Sat, 17 Oct 2009
From: The Jakarta Globe
By Janeman Latul & Venisa Tjahjono
Mining industry representatives said on Friday they were confused by a recently issued regulation restricting the work contractors were allowed to perform for mining concessionaires, saying it failed to clearly explain what contractors could and could not do.

Industry representatives said that Article 10 of the Sept. 30 regulation, which provides that “the holder of a mining concession or special mining concession must itself perform mining, processing, and refining work,” was particularly problematic, as much of this work was currently carried out by contractors.

The regulation could cause problems for multinational contractors like PT Thiess Indonesia, a unit of Brisbane-based Thiess, which is employed as a mining contractor by PT Bumi Resources, Asia’s biggest thermal coal producer. Article 5 also provides that contracting work must be given to domestic companies for a first right of refusal before foreign companies could be involved.

A Thiess representative was not available for comment.

One analyst said that if the regulation was implemented to the letter, many contractors and concessionaires would find themselves in trouble, as they would have to radically reorganize their operations.

Sara K Loebis, corporate secretary of PT United Tractors, the country’s largest supplier of heavy equipment, said her company was also confused by the regulation.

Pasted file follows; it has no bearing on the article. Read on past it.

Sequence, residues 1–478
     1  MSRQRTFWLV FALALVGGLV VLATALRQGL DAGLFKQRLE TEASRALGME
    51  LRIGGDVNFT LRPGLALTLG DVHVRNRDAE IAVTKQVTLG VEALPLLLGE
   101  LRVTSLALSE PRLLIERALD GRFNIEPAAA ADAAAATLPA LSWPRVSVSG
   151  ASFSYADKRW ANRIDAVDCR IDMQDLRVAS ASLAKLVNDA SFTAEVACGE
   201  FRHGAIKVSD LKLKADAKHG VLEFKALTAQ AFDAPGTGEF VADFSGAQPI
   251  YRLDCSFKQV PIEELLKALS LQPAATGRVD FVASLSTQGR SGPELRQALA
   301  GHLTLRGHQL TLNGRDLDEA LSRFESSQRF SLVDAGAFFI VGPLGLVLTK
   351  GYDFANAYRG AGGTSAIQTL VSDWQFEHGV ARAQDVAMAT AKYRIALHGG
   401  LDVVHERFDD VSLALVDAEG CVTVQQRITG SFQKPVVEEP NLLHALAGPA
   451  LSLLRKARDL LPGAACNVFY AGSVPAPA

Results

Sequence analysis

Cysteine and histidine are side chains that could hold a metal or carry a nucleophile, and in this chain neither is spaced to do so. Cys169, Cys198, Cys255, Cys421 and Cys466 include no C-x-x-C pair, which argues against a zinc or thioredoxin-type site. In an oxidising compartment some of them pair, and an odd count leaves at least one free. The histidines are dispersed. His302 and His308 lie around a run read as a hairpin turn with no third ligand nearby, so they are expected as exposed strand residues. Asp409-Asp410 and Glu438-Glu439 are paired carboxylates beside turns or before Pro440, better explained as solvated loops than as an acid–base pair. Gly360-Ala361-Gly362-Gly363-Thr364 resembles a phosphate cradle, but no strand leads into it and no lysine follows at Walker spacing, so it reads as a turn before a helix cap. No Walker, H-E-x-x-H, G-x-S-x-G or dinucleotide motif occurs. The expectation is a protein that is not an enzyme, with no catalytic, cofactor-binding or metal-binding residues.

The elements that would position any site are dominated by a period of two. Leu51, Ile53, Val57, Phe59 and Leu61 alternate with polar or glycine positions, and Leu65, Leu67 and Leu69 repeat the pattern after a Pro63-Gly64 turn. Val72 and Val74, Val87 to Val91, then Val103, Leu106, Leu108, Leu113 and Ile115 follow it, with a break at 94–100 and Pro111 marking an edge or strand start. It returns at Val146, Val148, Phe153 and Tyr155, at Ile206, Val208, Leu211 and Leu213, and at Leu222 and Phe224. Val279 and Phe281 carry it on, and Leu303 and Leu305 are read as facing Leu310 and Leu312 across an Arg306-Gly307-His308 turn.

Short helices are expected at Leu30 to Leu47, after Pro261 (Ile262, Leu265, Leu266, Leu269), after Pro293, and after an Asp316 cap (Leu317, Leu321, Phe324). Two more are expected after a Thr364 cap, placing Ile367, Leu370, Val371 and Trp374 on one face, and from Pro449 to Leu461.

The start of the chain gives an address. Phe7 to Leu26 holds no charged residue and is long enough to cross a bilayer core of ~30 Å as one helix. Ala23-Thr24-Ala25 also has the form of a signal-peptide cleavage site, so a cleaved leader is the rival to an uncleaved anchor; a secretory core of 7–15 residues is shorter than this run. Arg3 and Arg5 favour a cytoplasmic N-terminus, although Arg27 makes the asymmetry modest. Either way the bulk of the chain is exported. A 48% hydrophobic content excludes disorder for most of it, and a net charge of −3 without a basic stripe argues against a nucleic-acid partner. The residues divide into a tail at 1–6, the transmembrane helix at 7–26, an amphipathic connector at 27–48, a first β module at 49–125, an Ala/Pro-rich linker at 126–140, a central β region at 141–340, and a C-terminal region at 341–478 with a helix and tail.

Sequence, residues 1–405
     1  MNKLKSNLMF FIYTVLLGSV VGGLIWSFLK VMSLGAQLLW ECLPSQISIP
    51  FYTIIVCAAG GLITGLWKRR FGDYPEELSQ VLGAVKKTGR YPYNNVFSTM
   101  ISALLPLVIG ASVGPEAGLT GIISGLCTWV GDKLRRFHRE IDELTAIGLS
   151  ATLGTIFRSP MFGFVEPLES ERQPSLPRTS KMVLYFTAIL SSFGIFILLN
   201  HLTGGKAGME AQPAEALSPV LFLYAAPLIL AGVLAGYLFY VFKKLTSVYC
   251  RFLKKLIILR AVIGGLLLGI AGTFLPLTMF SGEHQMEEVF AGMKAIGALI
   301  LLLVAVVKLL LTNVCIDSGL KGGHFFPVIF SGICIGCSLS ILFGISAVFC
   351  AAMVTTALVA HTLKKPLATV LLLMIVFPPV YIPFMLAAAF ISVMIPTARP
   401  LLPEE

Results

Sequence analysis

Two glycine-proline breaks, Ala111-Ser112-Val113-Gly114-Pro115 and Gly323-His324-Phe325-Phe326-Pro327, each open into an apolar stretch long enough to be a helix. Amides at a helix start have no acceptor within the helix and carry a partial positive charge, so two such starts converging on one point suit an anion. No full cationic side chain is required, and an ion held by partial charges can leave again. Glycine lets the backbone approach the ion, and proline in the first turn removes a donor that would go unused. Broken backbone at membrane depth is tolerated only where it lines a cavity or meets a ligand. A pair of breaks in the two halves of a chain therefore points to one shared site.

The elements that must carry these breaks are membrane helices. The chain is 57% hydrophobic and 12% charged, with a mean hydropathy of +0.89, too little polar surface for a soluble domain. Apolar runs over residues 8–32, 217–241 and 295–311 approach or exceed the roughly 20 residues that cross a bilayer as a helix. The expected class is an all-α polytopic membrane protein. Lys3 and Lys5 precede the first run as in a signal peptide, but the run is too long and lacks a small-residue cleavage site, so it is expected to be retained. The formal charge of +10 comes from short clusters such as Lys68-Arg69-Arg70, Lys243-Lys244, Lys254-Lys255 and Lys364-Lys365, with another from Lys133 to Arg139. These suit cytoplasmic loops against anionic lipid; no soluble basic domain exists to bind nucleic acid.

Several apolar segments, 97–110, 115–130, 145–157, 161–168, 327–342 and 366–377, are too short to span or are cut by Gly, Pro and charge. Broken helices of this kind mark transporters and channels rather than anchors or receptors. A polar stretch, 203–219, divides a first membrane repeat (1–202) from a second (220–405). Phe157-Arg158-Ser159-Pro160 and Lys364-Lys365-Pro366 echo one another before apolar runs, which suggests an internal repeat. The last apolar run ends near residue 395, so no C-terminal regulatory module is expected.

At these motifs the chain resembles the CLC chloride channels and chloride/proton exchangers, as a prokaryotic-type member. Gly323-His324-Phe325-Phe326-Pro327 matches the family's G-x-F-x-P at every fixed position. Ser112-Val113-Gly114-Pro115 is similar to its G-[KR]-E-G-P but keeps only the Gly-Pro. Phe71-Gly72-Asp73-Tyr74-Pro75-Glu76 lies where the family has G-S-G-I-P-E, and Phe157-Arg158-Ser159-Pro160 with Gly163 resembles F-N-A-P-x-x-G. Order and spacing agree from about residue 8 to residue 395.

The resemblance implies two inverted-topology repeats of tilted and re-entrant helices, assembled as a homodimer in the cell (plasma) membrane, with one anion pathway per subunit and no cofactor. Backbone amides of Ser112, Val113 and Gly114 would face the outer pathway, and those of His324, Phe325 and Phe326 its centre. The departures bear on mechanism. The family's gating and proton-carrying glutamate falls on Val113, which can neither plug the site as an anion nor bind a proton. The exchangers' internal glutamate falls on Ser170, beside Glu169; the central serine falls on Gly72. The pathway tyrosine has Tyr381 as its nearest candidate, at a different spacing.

“We’re unsure about the difference between stripping,’ which the regulation allows us to do, and mining, which we are prohibited from doing, as it’s frequently very difficult to differentiate between the two,” she said. “Our legal team is currently studying the regulation.”

United Tractors is the parent of PT Pamapersada Nusantara, the country’s biggest mining contractor.

Alwinsyah Loebis, president director of PT Aneka Tambang, the state-owned gold and copper miner, said that his company’s legal department was also studying the regulation.

Dileep Srivastava, senior vice president of Bumi Resources, the country’s biggest coal producer and one of the Pamapersada’s main employers, said he was not aware of the regulation and would have to study it first before commenting.

When asked for clarification about whether mining contractors could continue to perform main mining work, Bambang Setiawan, the director general of coal, minerals and geothermal energy, gave an inconclusive response.

“I am not saying they can. As long as they follow all of the requirements in Article 10. What is the process of mining? It’s digging, stripping, blasting and transporting. I think that’s all clear enough. What more do they want?”

Edwin Sinaga, president director of brokerage PT Finacorporindo Nusa, said the new regulation was intended to prevent small, local government-issued concessions from being sold to contractors, which was already a widespread practice here.



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